I realized at that moment how backward we had been doing things. We had been trained to sell the movements, personal training, group classes, and what we should have been selling was a relationship with a coach. All this time, we had been teaching people our methodology, but what we actually needed to be doing was figuring out what they truly needed to live a healthier, happier life.

That conversation I had with Megan on the bench outside that day needed to happen on Day 1.

This is exactly what our Day 1 introductory session is about today.”


Get that out of your head. Sales don’t need to be that way. It’s not about convincing someone to buy something. It’s a conversation between two people to get to the bottom of something—to discover if you have a solution to their problem. Because that’s why they showed up in the first place: They need help.

(For the record, we don’t use the word sales in the MadLab Group. We use the term enrolment).

To get good at learning how to enroll people, you need to know how to discover their pain—i.e. the real reason they showed up at your door. In other words, it’s the moment Megan told me she was anorexic. And learning how to unlock that pain takes formal training. MadLab Group gym coaches all go through sales training with Greg Mack, a sales expert with almost 30 years experience in the industry.

Mack has taught us to have a very clear intention when it comes to a prospect’s first day. If you currently host a giant bring-a-friend group class workout as your first day, your purpose is to give people a good workout. You’re essentially selling a workout.

Our intention, on the other hand, is to sell a relationship. And it’s pretty tough to forge real relationships in a group class of 25 people. Thus, our first day’s intention is simply to discover if you connect with the client and they connect with you, and then to receive a yes or no answer from them. There’s nothing worse than meeting with someone or an hour only to have them tell you at the end of it, “I’ll think about it and get back to you.”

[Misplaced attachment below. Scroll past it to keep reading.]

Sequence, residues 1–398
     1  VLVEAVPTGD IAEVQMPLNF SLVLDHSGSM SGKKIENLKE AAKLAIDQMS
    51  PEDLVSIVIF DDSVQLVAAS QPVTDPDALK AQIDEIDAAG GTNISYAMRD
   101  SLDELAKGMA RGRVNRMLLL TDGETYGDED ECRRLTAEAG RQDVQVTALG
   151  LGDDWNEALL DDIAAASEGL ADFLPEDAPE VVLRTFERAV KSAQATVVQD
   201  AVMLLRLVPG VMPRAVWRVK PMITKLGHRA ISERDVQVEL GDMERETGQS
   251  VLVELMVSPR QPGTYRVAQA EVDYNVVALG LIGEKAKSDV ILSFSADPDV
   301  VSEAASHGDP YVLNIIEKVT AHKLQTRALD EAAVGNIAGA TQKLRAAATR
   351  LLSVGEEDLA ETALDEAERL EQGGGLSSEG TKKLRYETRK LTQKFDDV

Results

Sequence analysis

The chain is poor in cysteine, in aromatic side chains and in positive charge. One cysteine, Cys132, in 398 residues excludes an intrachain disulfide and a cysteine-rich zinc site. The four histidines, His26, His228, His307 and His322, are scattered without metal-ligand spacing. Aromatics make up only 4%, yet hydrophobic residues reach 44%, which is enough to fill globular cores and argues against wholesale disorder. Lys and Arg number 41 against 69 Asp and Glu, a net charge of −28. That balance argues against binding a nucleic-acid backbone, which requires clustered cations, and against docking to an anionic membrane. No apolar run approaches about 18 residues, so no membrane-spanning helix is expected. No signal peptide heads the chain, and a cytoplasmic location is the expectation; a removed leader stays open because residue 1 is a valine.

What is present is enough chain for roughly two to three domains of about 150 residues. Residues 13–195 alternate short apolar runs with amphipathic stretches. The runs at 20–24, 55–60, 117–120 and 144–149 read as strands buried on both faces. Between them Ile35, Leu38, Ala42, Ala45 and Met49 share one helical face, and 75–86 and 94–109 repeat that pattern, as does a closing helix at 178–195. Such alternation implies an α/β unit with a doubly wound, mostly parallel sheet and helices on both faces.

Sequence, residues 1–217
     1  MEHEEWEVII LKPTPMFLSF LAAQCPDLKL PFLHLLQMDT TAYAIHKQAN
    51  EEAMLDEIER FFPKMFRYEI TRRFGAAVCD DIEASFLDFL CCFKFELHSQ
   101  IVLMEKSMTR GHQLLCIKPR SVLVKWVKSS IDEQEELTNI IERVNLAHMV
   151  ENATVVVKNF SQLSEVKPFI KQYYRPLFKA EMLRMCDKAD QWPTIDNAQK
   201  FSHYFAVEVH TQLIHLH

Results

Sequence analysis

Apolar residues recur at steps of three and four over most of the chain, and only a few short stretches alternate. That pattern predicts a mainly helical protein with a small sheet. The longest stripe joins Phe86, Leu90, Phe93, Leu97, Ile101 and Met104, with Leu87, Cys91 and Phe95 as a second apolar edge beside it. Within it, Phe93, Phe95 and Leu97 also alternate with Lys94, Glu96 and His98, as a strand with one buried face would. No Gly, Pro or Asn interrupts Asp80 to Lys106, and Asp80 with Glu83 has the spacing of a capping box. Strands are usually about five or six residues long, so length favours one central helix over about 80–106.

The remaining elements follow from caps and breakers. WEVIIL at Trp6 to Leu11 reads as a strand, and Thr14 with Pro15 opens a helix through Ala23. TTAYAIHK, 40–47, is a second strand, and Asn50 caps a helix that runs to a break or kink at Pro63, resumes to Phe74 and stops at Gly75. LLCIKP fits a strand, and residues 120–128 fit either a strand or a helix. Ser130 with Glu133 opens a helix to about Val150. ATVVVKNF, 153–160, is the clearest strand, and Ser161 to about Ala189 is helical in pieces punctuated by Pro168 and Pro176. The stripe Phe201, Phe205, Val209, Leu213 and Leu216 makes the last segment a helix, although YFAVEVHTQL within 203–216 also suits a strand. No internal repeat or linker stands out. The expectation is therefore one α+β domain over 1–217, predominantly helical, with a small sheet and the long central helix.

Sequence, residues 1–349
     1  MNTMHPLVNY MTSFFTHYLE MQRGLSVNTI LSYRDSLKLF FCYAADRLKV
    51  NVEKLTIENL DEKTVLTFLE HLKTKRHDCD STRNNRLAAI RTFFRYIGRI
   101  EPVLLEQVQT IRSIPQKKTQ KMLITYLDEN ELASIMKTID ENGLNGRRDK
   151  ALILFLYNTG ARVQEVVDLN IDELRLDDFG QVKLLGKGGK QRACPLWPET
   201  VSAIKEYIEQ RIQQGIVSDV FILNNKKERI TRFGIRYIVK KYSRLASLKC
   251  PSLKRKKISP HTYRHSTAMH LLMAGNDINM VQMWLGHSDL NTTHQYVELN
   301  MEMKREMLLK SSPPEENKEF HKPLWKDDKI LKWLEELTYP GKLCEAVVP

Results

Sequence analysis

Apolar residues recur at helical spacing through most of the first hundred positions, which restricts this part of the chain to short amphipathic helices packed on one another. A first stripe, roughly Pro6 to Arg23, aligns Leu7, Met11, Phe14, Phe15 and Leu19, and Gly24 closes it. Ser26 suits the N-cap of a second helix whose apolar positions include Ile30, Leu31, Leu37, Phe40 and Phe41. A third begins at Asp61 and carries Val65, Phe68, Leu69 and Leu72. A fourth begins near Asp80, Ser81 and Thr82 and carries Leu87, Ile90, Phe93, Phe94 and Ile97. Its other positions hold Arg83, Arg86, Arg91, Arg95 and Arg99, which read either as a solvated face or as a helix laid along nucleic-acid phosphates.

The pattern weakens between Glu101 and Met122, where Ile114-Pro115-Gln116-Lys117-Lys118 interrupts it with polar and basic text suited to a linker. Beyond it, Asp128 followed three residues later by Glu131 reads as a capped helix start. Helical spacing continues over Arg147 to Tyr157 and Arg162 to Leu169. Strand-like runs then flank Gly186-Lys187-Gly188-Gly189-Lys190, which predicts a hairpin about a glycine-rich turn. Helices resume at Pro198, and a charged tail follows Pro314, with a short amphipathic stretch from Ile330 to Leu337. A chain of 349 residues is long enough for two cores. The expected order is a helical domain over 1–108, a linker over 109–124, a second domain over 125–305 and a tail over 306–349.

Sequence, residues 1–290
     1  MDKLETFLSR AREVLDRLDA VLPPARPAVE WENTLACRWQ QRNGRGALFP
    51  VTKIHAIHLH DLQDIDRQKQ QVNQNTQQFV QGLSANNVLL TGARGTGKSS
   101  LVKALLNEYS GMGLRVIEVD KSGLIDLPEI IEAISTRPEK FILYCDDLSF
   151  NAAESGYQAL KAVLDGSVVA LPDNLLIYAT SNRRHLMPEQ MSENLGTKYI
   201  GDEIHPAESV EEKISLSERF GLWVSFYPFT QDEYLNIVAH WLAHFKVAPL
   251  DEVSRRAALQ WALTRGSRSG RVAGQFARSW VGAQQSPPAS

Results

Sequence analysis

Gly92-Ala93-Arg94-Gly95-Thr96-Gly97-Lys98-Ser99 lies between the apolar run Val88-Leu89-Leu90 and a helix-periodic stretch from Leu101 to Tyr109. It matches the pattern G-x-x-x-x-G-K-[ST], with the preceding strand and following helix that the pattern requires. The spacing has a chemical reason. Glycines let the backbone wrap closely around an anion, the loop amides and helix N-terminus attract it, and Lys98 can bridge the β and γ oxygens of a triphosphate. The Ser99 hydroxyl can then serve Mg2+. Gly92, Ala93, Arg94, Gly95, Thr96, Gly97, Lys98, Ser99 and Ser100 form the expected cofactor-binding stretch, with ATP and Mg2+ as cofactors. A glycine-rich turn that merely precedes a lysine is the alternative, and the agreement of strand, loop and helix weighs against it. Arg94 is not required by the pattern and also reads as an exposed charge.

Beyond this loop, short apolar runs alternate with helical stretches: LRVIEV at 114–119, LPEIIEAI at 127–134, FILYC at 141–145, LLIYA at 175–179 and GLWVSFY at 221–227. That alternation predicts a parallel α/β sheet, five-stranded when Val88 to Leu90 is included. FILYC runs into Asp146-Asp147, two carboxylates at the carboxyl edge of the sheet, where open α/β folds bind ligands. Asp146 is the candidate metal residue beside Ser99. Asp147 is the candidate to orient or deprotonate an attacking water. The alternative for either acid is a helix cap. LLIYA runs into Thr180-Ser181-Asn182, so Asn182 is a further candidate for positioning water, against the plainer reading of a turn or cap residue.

At the start of the introductory session with a  prospect, our coaches look the person in the eye and tell them that at the end of the 30 minute chat, or hour-long chat (however long it takes to figure out if you’re a match), they need to give you a yes or no answer if they want to start this training with you. It really helps remove the elephant in the room and puts you both in a place of dead honesty.

In case you didn’t pick up on it already, this means a client’s first day needs to be done in a one-on-one environment. There’s no way Megan’s opening up and telling me she’s anorexic during a bring-a-friend group class. And that information is crucial. I couldn’t actually help Megan until she told me that.

More than anything, the first day is about laying the foundation for a trusting, open relationship between a client and a coach, a coach who will truly be able to get the client what he wants in the gym and in life.